**Note: If you prefer, you may make and use this dough on the same day. It will not be as easy to handle, and will not rise as smoothly, however. To use the dough the same day it is made, after making the dough, set the covered dough to rise in a warm, draft-free environment to allow it to rise to double its size (about 1 hour). Once it has doubled, place it in the refrigerator for at least 15 minutes or until it is chilled. This will make it much easier to handle. Then, continue with the rest of the recipe instructions.

  • Preparing the dough for shaping. On baking day, grease a standard loaf pan (approximately 9-inches x 5-inches—mine are 8 1/2-inches x 4 1/2-inches) and set it aside. Turn out the chilled dough onto a lightly floured surface and, using the scrape and fold kneading method and using a very light touch, sprinkle the dough with more flour and knead it lightly, sprinkling with flour when necessary to prevent it from sticking, scrape the dough off the floured surface with a floured bench scraper, then fold it over on itself. Repeat scraping and folding until the dough has become smoother. Do not overwork the dough or you will incorporate too much flour and it will not rise properly.

  • Shaping and filling the dough. On a lightly floured piece of parchment paper, pat the dough into a rectangle about 10-inches x 12-inches. Brush the entire surface of the dough with milk, and sprinkle with the vanilla sugar from the filling. Gently press the vanilla sugar into the dough to help it adhere. Beginning at a 10-inch side and using the parchment paper to guide it, roll the dough tightly into a coil and place it seam side down in the prepared loaf pan. Sprinkle the top of the loaf generously with flour to give it a cloak to rise into. Cover the loaf pan with an oiled piece of plastic wrap, and place in a warm, draft-free location until the dough has risen to nearly 1-inch above the lip of the pan (about 1 1/2 hours, but rising time can vary greatly depending upon your kitchen environment).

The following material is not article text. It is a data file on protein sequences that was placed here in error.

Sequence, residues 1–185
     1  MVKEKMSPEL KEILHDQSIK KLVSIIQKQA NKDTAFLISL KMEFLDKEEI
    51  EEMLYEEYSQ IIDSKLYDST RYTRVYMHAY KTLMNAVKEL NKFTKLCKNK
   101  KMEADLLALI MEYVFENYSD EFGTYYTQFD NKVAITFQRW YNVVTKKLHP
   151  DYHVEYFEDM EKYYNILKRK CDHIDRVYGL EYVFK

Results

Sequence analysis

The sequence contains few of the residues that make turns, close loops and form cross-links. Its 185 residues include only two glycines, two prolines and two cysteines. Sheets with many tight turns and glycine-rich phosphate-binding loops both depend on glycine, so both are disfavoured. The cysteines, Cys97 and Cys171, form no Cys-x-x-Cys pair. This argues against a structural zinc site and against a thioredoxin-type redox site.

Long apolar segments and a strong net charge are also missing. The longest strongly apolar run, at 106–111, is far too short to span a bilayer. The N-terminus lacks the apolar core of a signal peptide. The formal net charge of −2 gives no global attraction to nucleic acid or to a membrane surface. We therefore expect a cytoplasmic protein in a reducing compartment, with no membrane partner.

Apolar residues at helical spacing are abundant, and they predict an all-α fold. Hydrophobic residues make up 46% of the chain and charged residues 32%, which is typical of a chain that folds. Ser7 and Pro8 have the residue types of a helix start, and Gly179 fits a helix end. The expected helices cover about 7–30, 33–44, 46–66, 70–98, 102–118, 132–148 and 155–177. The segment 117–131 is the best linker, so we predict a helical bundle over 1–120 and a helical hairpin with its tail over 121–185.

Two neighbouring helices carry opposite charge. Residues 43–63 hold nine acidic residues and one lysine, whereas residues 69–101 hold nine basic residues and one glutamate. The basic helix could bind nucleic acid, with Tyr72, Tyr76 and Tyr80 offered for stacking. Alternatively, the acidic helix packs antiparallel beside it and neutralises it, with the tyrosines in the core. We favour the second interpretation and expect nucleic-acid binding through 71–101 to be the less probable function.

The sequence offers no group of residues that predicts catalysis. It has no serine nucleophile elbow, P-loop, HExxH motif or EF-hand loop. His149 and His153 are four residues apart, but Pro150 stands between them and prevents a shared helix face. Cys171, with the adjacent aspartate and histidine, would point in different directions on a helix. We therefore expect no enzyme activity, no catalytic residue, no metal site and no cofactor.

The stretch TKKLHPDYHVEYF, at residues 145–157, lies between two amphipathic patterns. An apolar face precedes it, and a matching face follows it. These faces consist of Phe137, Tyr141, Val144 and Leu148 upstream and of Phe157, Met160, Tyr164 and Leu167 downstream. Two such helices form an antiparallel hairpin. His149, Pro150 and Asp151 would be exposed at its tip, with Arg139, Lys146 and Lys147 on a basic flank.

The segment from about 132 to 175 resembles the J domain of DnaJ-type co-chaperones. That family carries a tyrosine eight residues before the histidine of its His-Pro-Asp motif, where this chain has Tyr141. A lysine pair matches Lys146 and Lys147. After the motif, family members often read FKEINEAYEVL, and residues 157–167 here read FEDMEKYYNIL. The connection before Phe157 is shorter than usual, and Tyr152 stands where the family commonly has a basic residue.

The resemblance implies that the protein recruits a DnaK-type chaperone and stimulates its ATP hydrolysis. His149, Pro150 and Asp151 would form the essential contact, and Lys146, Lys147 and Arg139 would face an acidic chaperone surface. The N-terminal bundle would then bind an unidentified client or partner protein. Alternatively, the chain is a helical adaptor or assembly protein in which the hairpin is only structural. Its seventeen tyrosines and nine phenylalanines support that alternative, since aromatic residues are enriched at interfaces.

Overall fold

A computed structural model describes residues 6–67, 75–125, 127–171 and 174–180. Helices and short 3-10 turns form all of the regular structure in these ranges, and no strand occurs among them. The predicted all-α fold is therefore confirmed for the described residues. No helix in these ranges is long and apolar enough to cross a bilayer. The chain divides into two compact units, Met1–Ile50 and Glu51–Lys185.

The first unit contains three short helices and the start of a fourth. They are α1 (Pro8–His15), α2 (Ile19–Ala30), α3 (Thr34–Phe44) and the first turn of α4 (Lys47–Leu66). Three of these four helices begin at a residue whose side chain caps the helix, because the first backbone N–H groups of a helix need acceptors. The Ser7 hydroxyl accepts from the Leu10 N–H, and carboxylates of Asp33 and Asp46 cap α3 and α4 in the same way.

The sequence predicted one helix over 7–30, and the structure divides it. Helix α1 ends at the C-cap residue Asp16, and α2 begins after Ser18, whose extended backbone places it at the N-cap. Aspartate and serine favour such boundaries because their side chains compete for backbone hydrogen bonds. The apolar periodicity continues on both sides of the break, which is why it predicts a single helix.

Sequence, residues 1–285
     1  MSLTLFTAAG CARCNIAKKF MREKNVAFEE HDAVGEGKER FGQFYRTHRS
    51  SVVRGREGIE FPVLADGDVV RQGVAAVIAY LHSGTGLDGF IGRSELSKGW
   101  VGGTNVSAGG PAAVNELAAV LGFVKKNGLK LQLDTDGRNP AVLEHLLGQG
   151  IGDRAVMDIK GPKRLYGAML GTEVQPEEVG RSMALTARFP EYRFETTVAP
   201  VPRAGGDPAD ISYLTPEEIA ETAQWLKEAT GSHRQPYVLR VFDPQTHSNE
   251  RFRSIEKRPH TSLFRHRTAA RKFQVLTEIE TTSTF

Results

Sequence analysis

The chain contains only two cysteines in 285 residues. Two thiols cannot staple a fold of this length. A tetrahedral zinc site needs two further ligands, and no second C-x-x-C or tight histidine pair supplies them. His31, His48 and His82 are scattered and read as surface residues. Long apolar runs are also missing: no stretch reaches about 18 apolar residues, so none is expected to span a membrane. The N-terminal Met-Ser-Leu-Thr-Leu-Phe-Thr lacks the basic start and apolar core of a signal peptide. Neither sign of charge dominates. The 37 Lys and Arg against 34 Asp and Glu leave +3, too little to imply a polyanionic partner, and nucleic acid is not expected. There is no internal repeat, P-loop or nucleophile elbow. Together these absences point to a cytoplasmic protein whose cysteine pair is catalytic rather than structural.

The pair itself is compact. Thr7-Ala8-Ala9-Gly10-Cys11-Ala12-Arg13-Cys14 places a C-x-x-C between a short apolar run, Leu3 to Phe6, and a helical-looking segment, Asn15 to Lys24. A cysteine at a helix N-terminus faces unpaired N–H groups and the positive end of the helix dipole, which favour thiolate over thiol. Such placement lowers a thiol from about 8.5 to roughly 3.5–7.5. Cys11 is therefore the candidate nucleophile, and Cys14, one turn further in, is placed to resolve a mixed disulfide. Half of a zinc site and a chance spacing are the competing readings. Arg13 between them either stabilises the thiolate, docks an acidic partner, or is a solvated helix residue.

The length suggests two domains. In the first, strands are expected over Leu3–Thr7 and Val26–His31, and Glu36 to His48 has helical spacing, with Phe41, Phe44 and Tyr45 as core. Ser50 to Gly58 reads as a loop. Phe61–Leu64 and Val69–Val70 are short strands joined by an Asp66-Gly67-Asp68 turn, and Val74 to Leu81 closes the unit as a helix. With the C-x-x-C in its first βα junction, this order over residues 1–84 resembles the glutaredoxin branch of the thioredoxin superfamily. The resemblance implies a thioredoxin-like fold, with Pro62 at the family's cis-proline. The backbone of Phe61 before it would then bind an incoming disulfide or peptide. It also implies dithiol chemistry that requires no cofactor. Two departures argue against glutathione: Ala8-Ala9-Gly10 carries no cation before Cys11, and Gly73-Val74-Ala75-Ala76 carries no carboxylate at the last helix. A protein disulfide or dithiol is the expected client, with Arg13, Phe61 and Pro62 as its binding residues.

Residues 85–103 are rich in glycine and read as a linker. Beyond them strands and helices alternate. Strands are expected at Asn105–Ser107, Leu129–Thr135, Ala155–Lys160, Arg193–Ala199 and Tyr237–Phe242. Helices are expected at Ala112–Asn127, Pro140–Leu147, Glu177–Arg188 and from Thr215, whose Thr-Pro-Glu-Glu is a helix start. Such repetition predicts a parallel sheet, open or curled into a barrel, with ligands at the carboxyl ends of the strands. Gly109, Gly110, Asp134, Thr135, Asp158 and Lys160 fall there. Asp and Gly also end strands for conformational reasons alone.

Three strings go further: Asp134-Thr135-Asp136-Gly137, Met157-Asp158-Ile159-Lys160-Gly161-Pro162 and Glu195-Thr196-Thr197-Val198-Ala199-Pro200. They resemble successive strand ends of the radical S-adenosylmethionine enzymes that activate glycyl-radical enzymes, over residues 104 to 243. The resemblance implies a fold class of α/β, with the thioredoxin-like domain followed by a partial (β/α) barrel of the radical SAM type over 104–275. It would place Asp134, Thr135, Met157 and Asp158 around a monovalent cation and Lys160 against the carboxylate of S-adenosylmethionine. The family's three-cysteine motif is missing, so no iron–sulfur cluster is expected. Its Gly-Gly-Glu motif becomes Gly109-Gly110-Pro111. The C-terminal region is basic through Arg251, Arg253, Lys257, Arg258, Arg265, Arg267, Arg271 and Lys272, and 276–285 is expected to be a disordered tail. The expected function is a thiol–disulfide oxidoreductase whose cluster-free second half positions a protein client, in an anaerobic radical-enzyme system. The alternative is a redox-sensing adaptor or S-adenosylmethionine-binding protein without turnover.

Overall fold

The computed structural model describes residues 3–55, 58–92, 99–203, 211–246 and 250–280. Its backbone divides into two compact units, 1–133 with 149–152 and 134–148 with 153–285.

• About 20 minutes before your dough has finished its final rise, preheat your oven to 350°F. Once the dough has finished rising, remove the plastic wrap and place the pan in the center of the preheated oven. Bake for about 45 minutes, or until the bread reaches an internal temperature of 185°F on an instant-read thermometer. Allow to cool for about 10 minutes in the pan before running a thin spatula around the edge of the loaf pan and turning out the bread onto a wire rack to finish cooling until no longer hot to the touch. Serve immediately.

  • Adapted from the recipe for Oatmeal Bread on page 67 of Gluten-Free on a Shoestring Bakes Bread. Vanilla swirl bread concept and filling adapted from Bakingdom.



P.S. Still don’t have a copy of Gluten Free on a Shoestring Bakes Bread? What are you waiting for? ;)

Comments are closed.

  • […] Soft vanilla swirl bread. […]

  • Linda
    January 29, 2014 at 11:12 AM

    This bread looks amazing, but I was most excited to read the water measuring instructions. I’ve been doing a lot of experimenting with Bakes Bread recipes and I’m being so careful and precise with all my measurements…and then the water measurements just felt so imprecise! Your editors shouldn’t have second guessed you on that, Nicole. But one more question – for the recipes that call for a certain measurement (like 1/4 cup) and then plus 1 or plus 2 tablespoons – how much should a tablespoon weigh?? Thanks!

    • January 29, 2014 at 12:26 PM

      Hi, Linda,

      I’m so glad that the water measuring instructions are helpful to you. My editor is so smart, but I knew she was wrong on this. I think she just thought that it would be confusing to readers, and she might be right that it would be confusing to some, but I would have also included volume measurements. Oh well!

      To answer your question, that’s why I listed the weight equivalents for everything from 1 cup all the way down to 1 tablespoon. You just add the values together. So, for example, 1/4 cup + 1 tablespoon = 2 ounces + 1/2 ounce = 2 1/2 ounces. Make sense? Here’s the list again:

      • 1 cup = 8 ounces
      • 3/4 cup = 6 ounces
      • 1/2 cup = 4 ounces
      • 1/4 cup = 2 ounces
      • 2 tablespoons = 1 ounce
      • 1 tablespoon = 1/2 ounce

      Hope that’s helpful. It takes some time to wrap your mind around, but once you do it’s worth it. :)

      • Linda
        January 29, 2014 at 1:32 PM

        Oops….I guess I should have read the chart more carefully. Sorry about that – I should have known that you are always so thorough and would have included it! :) I think I’m going to print that out and tape it into the front of my cookbook.